Review: Visual Studio 2012 shines on Windows 8

By Rick Grehan, InfoWorld |  Software, Visual Studio, visual studio 2012

Visual Studio is no longer simply an IDE, no longer a place you go just to write and debug C/C++ code. It has long since become something of a development mashup. It's where you go to tackle any task in the development process, regardless of the target. It's where you head to do your LightSwitch development, your SQL Server development, your Web application development, your Windows Azure development, and your ASP.Net or Windows Forms development in C#, F#, VB.Net, and -- oh, yes -- good old Visual C++. Naturally, it's where you build applications for http://www.infoworld.com/category/tags/microsoft-windows-azure and Windows RT.

That's not all. With the new Visual Studio 2012, you have to start wondering what you don't do in Visual Studio 2012. It's not the Master Control Program by a long shot ... but it's trying.

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As with earlier releases of Visual Studio, Visual Studio 2012 is available in several editions. The Express editions are, of course, free. Whereas some of the non-free editions target QA and Team Managers, the Express editions are intended specifically for developers:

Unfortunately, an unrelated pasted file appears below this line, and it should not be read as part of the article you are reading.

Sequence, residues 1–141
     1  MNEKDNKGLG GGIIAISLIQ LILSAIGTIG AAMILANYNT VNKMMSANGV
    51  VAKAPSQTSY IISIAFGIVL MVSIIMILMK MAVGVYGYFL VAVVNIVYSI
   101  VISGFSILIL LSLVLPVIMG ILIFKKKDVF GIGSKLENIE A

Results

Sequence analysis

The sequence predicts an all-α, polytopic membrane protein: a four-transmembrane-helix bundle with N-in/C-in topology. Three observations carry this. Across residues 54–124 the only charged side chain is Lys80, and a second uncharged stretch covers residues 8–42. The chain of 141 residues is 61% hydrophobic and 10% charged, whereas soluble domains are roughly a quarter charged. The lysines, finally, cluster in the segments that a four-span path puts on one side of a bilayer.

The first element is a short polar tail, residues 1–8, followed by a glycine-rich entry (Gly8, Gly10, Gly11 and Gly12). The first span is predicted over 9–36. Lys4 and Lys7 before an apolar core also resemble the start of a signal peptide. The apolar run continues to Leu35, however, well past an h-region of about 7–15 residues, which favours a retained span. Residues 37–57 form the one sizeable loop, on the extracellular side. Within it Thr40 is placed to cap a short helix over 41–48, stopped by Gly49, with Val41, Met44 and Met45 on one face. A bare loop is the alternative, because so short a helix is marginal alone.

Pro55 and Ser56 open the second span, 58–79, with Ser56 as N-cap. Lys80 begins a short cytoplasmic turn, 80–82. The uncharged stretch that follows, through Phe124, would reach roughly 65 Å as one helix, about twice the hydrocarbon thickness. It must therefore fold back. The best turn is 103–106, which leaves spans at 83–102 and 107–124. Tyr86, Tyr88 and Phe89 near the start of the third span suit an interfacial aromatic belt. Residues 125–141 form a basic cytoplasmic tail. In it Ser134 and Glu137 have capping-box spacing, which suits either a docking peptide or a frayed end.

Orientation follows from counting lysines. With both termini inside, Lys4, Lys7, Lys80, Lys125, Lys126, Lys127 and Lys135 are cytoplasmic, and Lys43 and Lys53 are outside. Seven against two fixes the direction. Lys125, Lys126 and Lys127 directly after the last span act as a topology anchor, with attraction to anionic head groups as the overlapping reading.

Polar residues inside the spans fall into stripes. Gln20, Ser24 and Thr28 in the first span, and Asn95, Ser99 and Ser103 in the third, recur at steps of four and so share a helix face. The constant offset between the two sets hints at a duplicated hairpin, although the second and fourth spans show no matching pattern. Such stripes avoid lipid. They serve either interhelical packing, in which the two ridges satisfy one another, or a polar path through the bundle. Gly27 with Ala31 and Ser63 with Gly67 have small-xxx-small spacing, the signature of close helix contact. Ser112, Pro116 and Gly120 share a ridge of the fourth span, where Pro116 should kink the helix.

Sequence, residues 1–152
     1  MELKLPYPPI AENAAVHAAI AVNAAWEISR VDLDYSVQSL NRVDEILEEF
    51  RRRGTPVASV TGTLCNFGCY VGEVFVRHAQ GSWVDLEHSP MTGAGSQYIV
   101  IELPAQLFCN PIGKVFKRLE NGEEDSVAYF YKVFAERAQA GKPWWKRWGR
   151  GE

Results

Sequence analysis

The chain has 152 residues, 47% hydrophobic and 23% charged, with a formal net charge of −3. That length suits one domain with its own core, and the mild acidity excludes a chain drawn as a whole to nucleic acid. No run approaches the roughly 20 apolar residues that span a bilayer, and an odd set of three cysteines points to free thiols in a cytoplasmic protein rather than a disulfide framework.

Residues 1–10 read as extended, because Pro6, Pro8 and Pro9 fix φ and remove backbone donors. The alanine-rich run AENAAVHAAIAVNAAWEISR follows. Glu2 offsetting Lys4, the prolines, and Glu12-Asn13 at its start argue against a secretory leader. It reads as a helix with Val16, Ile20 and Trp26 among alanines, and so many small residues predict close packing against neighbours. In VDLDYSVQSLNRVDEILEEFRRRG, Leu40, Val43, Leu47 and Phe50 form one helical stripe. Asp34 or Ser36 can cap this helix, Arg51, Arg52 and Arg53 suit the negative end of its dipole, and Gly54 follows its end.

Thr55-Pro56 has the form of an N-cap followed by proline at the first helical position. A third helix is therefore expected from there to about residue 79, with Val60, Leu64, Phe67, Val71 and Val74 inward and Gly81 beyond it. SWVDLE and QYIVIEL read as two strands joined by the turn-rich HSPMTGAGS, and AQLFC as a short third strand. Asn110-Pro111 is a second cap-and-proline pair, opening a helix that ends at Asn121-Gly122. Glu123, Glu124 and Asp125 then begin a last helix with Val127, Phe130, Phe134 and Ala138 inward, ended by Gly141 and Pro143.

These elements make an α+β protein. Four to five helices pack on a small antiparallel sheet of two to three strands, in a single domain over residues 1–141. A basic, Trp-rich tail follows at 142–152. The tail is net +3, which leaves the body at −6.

Express 2012 for Web. Aimed at Web developers, this version provides tools for HTML5 and JavaScript, with particular attention paid to jQuery. It also includes a CSS editor that understands CSS3. For server-side code, you can develop ASP.Net or MVC framework applications in any of the .Net languages.

Express for Windows Desktop. This version of Express caters to the more traditional developer, one employing the Windows Presentation Foundation (WPF), Windows Forms, or the tried-and-true Win32 libraries. This edition also supports the creation of Windows 8 Store applications.

Express for Windows 8. Provides a trimmed-down IDE specifically for creating Window Store applications using either HTML5 and JavaScript or XAML plus C#, VB.Net, or C++. This Express edition also includes the Blend tool for UI construction.


Originally published on InfoWorld |  Click here to read the original story.
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